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Interviews as a Research Method: Dig Deep into an Issue, Follow Up for Clarification, Analyze for Major Themes

Research Method

There are several different ways to conduct an interview, and we will briefly outline some of the most popular methods that researchers use.

Get Participatory! A great way to ensure the relevance of the questions you ask is to involve those you want to study in the process of crafting questions themselves.

Informal and Conversational

In this approach, the interviewer comes in with few, if any, predetermined questions and lets the person being interviewed take the lead.  This is a risky approach if you have a specific research question in mind, but can be useful if you are looking to explore an issue in broad strokes, or just get the perspective of particular people.  For instance, in the Metamorphosis Project example, the researcher might begin by asking, “Can you talk about the role that your church plays with Latino immigrants in the community?”, and simply let the conversation flow from there.  Each individual interview could be very different from the others.

Thematic Guide

In this approach, the interviewer comes in with a few basic themes or issues that they would  like to discuss with the participant.  This ensures that they will have some consistency from one interview to the next, but still leaves lots of room for exploration and gives the participant a good deal of freedom in the conversation. 


For instance, the Metamorphosis Project researcher might have four main themes to cover:
  • The Catholic Church and immigration issues and law enforcement
  • The Catholic Church and community service, poverty and health issues of local Latino immigrants
  • The Catholic Church and local policy issues related to local Latino immigrants
  • The Catholic Church and the relationship between African American and Latino community residents

Open-Ended Interview Guide

This approach is one of the most widely used, as it allows for a lot of comparison from one interview to the next.  In this case, the researcher will come in with a pre-determined set of questions that they would like to be answered.  The questions will be open-ended, meaning there is no one answer, and the response could take the form of an extended conversation on each topic.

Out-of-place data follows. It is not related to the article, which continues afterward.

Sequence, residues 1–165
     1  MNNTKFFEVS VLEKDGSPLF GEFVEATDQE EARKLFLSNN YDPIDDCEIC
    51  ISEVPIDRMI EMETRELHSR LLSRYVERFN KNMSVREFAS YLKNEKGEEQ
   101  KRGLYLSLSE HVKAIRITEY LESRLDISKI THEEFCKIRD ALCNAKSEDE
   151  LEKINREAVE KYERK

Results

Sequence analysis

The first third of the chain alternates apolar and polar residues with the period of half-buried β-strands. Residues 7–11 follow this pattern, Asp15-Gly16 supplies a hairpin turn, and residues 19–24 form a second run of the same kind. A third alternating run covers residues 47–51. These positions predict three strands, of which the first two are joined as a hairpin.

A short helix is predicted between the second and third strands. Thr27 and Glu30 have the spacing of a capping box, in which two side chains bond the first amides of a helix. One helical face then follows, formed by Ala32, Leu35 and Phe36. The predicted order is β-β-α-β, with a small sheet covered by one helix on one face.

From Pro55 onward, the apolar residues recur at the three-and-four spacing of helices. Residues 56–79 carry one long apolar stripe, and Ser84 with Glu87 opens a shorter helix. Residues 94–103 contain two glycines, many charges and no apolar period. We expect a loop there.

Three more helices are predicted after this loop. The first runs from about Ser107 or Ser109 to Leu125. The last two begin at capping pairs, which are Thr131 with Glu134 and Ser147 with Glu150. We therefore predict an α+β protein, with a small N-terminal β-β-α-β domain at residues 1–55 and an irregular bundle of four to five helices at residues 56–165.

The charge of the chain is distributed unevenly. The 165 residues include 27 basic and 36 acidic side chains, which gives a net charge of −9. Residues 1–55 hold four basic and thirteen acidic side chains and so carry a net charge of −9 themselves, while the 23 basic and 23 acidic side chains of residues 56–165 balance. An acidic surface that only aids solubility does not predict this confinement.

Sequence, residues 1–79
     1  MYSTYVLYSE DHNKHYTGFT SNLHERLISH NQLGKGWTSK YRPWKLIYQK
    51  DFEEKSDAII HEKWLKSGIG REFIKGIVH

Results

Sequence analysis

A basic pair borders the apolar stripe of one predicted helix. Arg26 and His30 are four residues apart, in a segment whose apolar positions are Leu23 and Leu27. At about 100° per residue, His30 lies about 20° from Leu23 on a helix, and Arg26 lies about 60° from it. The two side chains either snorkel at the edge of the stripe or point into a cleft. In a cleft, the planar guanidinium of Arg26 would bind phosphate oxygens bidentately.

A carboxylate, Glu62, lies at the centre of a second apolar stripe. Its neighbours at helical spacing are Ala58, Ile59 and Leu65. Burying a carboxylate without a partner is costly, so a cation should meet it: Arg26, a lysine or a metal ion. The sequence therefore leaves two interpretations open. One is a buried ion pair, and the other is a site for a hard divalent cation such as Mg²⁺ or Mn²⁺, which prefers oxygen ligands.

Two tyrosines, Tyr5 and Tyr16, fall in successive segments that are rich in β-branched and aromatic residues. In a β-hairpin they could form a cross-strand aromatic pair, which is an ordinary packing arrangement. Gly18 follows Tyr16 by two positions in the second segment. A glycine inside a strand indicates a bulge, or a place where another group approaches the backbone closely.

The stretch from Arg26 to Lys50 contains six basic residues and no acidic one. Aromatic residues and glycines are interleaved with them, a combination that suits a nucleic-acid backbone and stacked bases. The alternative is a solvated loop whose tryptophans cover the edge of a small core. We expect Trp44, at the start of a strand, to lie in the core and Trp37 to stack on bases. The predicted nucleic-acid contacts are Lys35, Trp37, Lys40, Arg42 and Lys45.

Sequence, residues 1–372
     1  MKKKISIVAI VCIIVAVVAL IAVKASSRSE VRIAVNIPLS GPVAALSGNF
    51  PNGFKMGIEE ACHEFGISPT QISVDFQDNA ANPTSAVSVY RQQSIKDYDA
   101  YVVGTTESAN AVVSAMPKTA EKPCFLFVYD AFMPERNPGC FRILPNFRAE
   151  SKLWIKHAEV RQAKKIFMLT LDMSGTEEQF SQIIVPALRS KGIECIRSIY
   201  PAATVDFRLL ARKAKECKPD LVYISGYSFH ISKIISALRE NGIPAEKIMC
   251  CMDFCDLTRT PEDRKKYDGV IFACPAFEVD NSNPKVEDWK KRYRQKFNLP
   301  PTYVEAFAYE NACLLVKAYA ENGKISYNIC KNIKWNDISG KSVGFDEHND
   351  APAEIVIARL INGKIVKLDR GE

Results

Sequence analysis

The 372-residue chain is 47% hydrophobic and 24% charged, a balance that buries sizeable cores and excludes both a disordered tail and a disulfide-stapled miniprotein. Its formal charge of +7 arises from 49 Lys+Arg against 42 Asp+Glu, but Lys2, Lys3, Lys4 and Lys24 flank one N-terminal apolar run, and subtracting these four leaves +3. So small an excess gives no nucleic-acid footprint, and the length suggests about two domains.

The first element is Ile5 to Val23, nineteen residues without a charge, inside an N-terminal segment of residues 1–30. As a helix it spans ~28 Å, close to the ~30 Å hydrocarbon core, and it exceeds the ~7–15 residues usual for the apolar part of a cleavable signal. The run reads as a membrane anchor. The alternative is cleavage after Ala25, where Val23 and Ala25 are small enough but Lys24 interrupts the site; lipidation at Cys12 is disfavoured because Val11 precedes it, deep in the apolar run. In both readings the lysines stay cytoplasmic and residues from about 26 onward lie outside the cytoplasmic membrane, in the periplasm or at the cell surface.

A set of open-ended questions might take this form:

  • What do you see as the most important thing the Catholic Church does for new Latino immigrants?
  • What are the biggest obstacles that Latino immigrants in your community face on a daily basis?
  • Does your Church do anything to try to bridge connections between Latinos and African Americans in your community? Could you talk about how these initiatives have been successful and what types of problems they have faced?
  • Does your Church get involved in local policy issues that affect the Latino immigrant population?  In what ways?
  • What is the relationship between your church and immigration enforcement?
  • What do you think your Church could improve about your work with local Latino immigrants?

Closed-Ended Interview Guide

This is the most restrictive approach for interviewing, and might be suitable for people who are new to interviews or uncomfortable carrying on a wide-ranging conversation.  This type of interview is similar to a survey, with specific questions asked of each interview respondent, and a list of specific possible responses offered. 

 Here are a few potential closed-ended questions:

How much do you agree or disagree with the following statements – would you say you strongly disagree, disagree, neither agree/nor disagree, agree, or strongly agree.

  • My Church spends a lot of time helping the local Latino immigrant population.
    How much do you agree or disagree with that statement?
  • My Church works hard to bridge connections between local African Americans and Latinos.
    How much do you agree or disagree with that statement?
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